HOW DO I DECIDE WHAT TO TEACH IN MATH GROUPS? You can teach any of you math outcomes (curriculum or individual) through math groups. By splitting your class into small groups, it allows you to target students at their current levels. It is hard to teach one lesson, differentiate it 20 ways, to one large group. BUT breaking your class into smaller more manageable teaching groups will allow you to support your students, teach your students, and keep your sanity!
HOW DO I DECIDE WHAT ACTIVITIES TO USE? Easy- your activities need to allow your students to practice and review the new skill. If you have many groups, then you can have a an activity that practices and reviews past skills too. Think of your curriculum as circular, you should always come back to what you have already done. CONSTANT REINFORCEMENT of skills. Also, they need to be accessible to all- keep them simple!
SOME EXAMPLES OF ACTIVITY THEMES:
- Lesson with teacher: introduction of new skill: the mini-lesson
- Review with teacher: review and explicit practice of the new skill
- Activity 1: an independent and/or group activity that practices the new skill (activity allows for ALL levels to access)
- Activity 2: an independent and/or group activity that starts with the pre-skill to the newly taught skill (ensure it has an extension to allow for practice of the new skill once taught)
- Activity 3: an independent and/or group activity that reviews a past skill (not necessarily connected to the new lesson/unit)
The below table represents a simple SYSTEM that can be used in your class consistently to ensure all your students are participating in the group activity. The system never changes, but the groups should change and the activities will change.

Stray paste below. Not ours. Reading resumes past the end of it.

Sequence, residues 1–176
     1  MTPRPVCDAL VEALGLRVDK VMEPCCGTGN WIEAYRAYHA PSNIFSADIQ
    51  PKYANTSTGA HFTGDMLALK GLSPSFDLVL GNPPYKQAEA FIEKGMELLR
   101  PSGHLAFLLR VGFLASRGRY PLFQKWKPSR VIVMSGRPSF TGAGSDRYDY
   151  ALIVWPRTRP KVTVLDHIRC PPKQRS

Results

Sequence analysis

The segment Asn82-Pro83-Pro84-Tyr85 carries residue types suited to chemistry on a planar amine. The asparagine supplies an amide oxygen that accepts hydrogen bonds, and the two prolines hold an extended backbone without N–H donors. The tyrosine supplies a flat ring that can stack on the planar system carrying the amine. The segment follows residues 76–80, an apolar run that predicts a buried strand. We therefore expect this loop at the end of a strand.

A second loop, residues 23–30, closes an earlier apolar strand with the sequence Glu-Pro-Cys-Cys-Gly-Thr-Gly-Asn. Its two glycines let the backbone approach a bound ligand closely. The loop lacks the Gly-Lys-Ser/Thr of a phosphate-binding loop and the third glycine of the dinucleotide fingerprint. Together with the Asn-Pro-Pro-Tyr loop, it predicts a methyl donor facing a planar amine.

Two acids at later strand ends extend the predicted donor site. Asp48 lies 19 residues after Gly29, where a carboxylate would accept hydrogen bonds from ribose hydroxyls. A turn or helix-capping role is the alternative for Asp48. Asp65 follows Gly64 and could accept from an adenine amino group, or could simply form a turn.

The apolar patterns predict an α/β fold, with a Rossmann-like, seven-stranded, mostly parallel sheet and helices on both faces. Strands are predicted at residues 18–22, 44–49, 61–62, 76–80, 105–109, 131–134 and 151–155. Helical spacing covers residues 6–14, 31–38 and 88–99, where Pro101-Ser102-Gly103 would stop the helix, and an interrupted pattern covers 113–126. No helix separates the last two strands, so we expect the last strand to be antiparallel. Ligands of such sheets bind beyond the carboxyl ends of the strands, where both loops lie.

click pic for to claim a few freebies!
STEP 3) ACTIVITIES
It is important to clearly display the math group rotations. Not only is displaying the rotation cycle important, but ensuring all expectations are clearly understood is imperative to your math groupings success. All your students need to know where they are suppose to be, for how long, and what they are expected to do when they are there. Some students will need constant reminders, some may even require your close proximity in order to have success. If you know your students, are planning on meeting them where they are, you will already know how to manage the physical systems to ensure you are supporting your students the best that you can. For example, if you have a student who requires frequent check-ins, make sure his/her group is always working close to your point of instruction. If you do this, then you can constantly be directing the student back to their task- they will quickly learn that you are watching and supporting them. It goes back to having clear, concise, and consistent systems and structures in your class.
WHAT DO STUDENTS DO DURING EACH STATION? When finding material for each station I ask myself the following:
In order to successfully implement differentiated math groups, you will need to…
Something to keep in mind: For any program to be successful, you need to ensure you know your students well. You need to understand their current levels in order to bring them forward, you need to know them as a learner (at least a little bit), and you need to know when you can push them and when to hold back. As well as knowing your students, you need to make sure you have clear & consistent expectations in place for all your students. Consistent systems support students in understanding your structures. Without strong systems and structures, even the best program in the world will be a flop in any classroom.
stay tuned for our freebies : 10 differentiated math group activities & 5 of the BEST math materials to teach to all your learners.